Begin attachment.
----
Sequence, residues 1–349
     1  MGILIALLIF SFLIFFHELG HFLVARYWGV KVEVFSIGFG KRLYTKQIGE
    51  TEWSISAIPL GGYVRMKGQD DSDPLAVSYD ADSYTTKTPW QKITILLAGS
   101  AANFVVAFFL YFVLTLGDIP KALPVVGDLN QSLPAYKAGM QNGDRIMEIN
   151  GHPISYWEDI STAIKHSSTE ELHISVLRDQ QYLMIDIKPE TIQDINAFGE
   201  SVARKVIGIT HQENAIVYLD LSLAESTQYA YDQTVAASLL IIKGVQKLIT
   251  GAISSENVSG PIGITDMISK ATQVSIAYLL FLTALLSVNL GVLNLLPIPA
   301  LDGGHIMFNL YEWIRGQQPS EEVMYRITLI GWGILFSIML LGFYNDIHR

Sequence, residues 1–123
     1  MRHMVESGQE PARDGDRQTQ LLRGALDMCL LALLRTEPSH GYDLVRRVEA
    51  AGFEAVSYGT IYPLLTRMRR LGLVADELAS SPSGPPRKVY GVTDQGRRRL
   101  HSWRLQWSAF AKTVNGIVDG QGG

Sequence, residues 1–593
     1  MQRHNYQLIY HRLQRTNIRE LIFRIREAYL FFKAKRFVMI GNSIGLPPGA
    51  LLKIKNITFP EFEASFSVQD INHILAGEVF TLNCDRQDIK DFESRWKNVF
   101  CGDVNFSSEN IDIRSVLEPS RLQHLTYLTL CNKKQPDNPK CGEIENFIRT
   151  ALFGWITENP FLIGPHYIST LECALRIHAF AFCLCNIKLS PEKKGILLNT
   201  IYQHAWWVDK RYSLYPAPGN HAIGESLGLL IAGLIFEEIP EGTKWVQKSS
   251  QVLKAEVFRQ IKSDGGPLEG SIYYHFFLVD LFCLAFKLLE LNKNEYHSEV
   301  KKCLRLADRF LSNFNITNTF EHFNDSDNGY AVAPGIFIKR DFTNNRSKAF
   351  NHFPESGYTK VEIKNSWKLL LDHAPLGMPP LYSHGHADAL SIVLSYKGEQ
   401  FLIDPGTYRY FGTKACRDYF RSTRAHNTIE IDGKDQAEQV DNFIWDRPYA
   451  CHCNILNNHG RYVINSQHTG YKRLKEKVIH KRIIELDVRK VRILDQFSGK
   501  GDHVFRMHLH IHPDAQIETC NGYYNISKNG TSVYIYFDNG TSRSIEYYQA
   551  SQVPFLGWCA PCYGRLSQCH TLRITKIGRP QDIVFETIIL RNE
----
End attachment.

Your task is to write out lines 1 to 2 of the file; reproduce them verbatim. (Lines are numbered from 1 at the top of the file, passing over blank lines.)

Sequence, residues 1–349
     1  MGILIALLIF SFLIFFHELG HFLVARYWGV KVEVFSIGFG KRLYTKQIGE